Qualcomm has just announced a couple of new Internet of Things Development Kits that are based on the QCA4020 and QCA4024 chipsets. These chipsets were actually announced last year. What is new here are the development kits, allowing developers to get started in building products using these chipsets. The QCA4020 and QCA4024 are actually fairly similar, in terms of specs. With the only major difference being that the QCA4020 sports WiFi, while the QCA4024 only has Bluetooth. Both do support Zigbee, however. These do support dual-core processing, as well as an integrated sensor hub and a high-degree of software flexibility. This allows it to support multiple protocols, connectivity frameworks and cloud services.
These new development kits do come with some reference modules included, this is to make it easier to design with these new system-on-chips from Qualcomm. There are also development boards and documentation to help developers get started. Some of the other features included here are an Open Source SDK, Open schematics and layout files, eight sensors and actuators on-board, two micro USB cables, Arduino-compatible, JTAG debugging, and UART. This provides the developer with all of the tools they need for getting started with these chipsets. The consumer likely won’t even know anything about these chipsets. Which is a good thing, as Qualcomm wants these chipsets to be good enough to where users don’t need to worry about what chipset is running in which Internet of Things products. While consumers are often looking for the latest and greatest chipset in their smartphone, that’s not the case when it comes to smart products or IoT products.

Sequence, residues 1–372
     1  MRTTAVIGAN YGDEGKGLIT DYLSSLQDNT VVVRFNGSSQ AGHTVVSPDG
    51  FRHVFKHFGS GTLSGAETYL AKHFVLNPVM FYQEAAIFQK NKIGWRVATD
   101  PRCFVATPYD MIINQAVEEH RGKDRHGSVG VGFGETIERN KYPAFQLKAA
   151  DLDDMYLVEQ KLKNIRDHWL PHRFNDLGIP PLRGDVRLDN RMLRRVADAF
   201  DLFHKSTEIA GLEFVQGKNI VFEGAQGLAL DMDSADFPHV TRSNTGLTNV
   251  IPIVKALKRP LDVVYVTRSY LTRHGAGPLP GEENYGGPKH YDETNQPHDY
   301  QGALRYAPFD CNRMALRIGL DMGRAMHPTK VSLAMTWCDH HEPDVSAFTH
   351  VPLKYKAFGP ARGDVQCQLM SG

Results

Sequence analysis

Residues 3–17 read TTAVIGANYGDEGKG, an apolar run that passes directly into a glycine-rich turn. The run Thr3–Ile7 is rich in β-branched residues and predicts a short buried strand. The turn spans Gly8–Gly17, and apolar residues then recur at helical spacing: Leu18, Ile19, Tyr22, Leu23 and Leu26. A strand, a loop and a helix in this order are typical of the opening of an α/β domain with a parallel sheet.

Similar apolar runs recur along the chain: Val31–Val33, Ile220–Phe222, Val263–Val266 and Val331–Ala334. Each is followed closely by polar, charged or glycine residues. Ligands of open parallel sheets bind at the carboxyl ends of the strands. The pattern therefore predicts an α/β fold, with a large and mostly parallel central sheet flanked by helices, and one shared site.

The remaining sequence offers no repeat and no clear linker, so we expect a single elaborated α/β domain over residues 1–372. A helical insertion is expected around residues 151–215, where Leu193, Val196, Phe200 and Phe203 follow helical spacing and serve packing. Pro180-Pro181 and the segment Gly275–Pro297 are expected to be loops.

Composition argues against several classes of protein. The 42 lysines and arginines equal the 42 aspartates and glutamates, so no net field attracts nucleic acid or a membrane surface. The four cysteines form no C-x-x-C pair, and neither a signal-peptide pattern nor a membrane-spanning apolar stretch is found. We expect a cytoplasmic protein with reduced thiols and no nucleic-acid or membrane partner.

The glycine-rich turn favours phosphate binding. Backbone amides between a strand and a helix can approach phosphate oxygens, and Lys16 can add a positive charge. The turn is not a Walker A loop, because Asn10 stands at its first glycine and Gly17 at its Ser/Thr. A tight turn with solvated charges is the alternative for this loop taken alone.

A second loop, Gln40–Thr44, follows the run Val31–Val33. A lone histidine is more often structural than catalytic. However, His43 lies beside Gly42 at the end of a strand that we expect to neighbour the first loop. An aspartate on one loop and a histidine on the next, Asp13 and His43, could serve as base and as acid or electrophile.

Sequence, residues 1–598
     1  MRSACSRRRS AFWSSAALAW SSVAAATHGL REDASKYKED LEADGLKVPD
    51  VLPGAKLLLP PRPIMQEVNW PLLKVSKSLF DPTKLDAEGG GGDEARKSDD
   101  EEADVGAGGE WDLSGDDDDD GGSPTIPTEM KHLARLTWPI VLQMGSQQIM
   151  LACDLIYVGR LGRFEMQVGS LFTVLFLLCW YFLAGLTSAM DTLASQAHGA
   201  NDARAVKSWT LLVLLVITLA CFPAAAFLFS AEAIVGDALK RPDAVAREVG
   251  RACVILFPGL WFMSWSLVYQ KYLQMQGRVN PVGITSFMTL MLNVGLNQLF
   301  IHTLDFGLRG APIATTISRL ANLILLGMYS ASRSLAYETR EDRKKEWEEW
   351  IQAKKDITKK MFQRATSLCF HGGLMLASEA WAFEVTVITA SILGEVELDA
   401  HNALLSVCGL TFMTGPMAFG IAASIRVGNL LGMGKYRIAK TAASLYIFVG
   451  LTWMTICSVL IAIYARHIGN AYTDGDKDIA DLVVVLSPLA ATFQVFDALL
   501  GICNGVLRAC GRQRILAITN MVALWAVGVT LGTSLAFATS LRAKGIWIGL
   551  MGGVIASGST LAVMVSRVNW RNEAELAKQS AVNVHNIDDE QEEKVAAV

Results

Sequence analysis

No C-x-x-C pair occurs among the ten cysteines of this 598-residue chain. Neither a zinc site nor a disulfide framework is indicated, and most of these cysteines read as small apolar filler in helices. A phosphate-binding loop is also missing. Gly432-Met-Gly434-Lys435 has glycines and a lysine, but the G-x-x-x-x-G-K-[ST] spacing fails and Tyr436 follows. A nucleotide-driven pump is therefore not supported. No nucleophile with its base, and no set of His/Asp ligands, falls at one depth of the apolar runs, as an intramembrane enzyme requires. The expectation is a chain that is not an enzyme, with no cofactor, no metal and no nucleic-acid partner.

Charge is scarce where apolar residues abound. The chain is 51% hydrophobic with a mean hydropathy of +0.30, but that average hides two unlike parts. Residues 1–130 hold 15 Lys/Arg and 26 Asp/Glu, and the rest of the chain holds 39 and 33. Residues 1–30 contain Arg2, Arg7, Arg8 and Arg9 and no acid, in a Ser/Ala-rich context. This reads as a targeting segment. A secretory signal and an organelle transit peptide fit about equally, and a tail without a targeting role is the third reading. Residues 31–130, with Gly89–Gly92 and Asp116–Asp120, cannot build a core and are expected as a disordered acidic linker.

Qualcomm expects to have these development kits available in the second quarter of the year. Qualcomm also noted that module vendors including Silex Technology, Telit and Wistron will have modules based on the QCA4020 and QCA4024 in the second quarter. Qualcomm is also demoing these chipsets at Embedded World in Germany next week, beginning on February 27th. So if you are in Nuremburg, Germany at Embedded World 2018, you can stop by and check out these development kits and see how they’ll work with applications and hardware you may be building.